in either basket: set(['strawberry', 'grape', 'apple', 'pear', 'starfruit'])
// Scala
scala> var basket1 = Set("apple", "pear")
basket1: scala.collection.immutable.Set[String] = Set(apple, pear)
scala> basket1 += "strawberry"
scala> var basket2 = Set("grape", "apple", "starfruit")
basket2: scala.collection.immutable.Set[String] = Set(grape, apple, starfruit)
scala> println("common to both: " + (basket1 & basket2))
common to both: Set(apple)
scala> println("in either basket: " + (basket1 | basket2))
in either basket: Set(grape, apple, pear, strawberry, starfruit)
// but if you needed a mutable set:
import scala.collection.mutable
val mutableSet = mutable.Set("a", "b")
mutableSet += "c"
// or maybe an immutable HashSet?
import scala.collection.immutable.HashSet
var hashSet = HashSet(1, 2, 3)
///////////////////////////////////////
// FILE I/O BASICS
//////////////////////////////////////
// Python
import sys
if len(sys.argv) > 0:
for line in open(sys.argv[1]):
print line.rstrip('\r\n') # scala.io.Source removes line terminators
else:
sys.stderr.write('Please enter filename')
// Scala
import scala.io.Source
if (args.length > 0) {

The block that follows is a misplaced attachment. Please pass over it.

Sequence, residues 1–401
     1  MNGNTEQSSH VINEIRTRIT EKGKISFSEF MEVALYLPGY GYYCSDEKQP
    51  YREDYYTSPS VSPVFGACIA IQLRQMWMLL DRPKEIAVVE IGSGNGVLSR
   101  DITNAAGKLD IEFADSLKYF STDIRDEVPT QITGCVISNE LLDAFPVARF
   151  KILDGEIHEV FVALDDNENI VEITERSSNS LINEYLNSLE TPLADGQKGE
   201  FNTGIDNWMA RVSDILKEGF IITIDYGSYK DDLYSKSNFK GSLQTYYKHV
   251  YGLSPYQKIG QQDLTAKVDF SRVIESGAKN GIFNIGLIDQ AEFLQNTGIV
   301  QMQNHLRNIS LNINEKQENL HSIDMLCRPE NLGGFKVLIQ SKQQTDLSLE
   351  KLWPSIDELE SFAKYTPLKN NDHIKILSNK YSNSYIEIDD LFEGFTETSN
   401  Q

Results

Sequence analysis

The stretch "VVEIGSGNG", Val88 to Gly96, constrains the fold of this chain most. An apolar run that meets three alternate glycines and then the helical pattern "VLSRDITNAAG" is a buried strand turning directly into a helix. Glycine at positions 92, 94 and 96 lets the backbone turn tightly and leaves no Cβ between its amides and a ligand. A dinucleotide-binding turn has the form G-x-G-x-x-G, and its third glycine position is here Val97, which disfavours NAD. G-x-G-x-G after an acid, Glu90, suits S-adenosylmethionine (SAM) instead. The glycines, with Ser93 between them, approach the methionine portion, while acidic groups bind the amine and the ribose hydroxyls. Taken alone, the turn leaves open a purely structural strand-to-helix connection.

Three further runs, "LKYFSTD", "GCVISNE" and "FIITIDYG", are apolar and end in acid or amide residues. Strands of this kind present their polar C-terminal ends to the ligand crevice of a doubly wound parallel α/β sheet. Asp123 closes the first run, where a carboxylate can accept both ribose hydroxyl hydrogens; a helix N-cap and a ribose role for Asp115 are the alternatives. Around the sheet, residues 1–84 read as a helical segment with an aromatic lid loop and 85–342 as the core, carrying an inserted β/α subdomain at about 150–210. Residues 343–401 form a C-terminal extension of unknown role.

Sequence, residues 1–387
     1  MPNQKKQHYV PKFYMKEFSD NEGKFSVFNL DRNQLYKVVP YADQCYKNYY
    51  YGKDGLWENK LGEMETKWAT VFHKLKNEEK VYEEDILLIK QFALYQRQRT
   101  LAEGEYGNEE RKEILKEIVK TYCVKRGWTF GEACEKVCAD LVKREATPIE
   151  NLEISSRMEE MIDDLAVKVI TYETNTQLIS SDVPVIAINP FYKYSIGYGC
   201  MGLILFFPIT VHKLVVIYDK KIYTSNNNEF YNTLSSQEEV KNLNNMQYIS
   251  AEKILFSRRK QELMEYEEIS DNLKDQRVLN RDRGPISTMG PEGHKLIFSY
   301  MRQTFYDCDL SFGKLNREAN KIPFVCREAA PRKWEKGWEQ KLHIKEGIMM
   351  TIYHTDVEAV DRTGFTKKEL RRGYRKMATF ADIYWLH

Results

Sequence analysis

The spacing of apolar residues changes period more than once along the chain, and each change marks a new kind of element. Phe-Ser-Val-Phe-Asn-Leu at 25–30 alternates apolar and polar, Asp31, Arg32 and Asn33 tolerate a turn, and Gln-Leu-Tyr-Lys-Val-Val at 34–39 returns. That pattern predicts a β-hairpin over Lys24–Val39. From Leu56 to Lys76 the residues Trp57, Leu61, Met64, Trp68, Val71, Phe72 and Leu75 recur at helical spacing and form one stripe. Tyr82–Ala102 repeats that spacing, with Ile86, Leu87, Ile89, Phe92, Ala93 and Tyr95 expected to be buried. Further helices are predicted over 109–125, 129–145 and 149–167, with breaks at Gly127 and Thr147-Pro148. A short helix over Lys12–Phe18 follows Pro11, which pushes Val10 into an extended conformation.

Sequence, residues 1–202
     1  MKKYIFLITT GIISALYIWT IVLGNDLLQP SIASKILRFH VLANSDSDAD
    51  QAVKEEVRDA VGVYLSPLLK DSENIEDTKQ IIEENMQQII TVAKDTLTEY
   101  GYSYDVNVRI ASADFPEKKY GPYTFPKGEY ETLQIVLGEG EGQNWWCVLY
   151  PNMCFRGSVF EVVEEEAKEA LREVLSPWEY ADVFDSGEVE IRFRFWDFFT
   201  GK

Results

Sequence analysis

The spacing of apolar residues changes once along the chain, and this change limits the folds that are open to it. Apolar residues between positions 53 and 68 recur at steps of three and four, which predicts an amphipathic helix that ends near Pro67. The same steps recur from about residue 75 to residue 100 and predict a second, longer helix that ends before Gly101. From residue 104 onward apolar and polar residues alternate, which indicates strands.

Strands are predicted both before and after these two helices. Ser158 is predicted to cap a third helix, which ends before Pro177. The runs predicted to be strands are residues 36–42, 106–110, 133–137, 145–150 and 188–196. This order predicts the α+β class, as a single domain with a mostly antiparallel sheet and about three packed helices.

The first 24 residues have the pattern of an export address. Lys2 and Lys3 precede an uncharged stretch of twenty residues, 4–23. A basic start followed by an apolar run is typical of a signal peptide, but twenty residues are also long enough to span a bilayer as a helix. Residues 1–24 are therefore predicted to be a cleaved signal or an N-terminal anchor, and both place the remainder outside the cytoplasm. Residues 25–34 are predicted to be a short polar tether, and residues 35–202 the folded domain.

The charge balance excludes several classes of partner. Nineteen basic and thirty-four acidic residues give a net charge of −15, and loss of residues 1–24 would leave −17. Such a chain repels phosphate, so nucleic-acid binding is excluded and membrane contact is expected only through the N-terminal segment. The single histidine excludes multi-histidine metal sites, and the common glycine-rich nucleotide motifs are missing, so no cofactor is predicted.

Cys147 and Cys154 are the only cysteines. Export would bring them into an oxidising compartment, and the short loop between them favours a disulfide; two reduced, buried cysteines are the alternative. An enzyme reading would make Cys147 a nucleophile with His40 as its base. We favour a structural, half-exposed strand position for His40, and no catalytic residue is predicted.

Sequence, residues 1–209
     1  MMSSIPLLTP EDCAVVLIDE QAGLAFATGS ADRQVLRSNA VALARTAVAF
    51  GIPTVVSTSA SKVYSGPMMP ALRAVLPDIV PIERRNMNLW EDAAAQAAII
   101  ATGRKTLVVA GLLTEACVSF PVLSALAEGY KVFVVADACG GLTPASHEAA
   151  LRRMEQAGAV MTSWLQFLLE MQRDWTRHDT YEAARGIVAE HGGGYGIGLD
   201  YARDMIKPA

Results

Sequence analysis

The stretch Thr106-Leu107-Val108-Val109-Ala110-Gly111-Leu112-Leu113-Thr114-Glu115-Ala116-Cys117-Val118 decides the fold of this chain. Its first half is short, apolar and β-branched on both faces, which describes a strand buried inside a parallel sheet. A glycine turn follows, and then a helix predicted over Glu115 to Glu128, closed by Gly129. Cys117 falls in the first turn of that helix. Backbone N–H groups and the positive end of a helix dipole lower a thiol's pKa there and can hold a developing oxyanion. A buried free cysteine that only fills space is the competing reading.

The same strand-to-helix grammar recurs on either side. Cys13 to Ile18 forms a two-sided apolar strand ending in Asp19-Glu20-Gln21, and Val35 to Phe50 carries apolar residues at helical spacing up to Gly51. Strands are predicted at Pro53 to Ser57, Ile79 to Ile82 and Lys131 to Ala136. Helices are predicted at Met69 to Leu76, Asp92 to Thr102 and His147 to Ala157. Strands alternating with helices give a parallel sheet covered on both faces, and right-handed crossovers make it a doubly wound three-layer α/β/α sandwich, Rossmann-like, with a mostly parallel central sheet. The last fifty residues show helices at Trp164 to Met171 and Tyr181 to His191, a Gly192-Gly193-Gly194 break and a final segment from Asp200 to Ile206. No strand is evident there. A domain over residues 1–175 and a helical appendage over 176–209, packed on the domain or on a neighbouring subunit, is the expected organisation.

for (line <- Source.fromFile(args(0)).getLines)
println(line)
} else {
Console.err.println("Please enter filename")
}
///////////////////////////////////////
// Classes and Objects
//////////////////////////////////////
// Python
class Dog(object):
def __init__(self, name):
self.name = name
def speak(self):
print '%s: Bark!' % self.name
def command(self, cmd):
print '%s ::%s::' % (self.name, cmd)
dog = Dog('Rover')
dog.speak()
// Scala
class Dog(name: String) {
println("This line runs upon instantiation of a Dog, it is the primary constructor")
def speak() { println(name + ": Bark!") }
def command(cmd: String) = { println(name + " ::" + cmd + "::") }
}
val dog = new Dog("Rover")
dog.speak()
dog.command("sit")
////////////////////
////////////////////
Raw strings """ """
Unicode \u0041
//// TODO ////
// other control structures (while,...)
// exceptions
// objects
// classes
// example of using builtin java libraries directly in scala
// example of using 3rd party java libraries directly in scala
// sbt
// maven integration
// dependencies, builds, etc.
@gjreda

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gjreda commented Oct 21, 2018

Of course I search for Python to Scala and find you @stantonk

@gl-esppen

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gl-esppen commented Jan 2, 2020

Hi!
Thank you very much for this gist. As a python developer trying to learn Scala, this is very useful!
I was trying to use this example and found out syntax in line 300 is deprecated.

I tried def speak() : Unit = {println(name + ": Bark!") } and worked with no warnings. It's not a judgement! I am just trying to help improve this gist which helped me a lot :)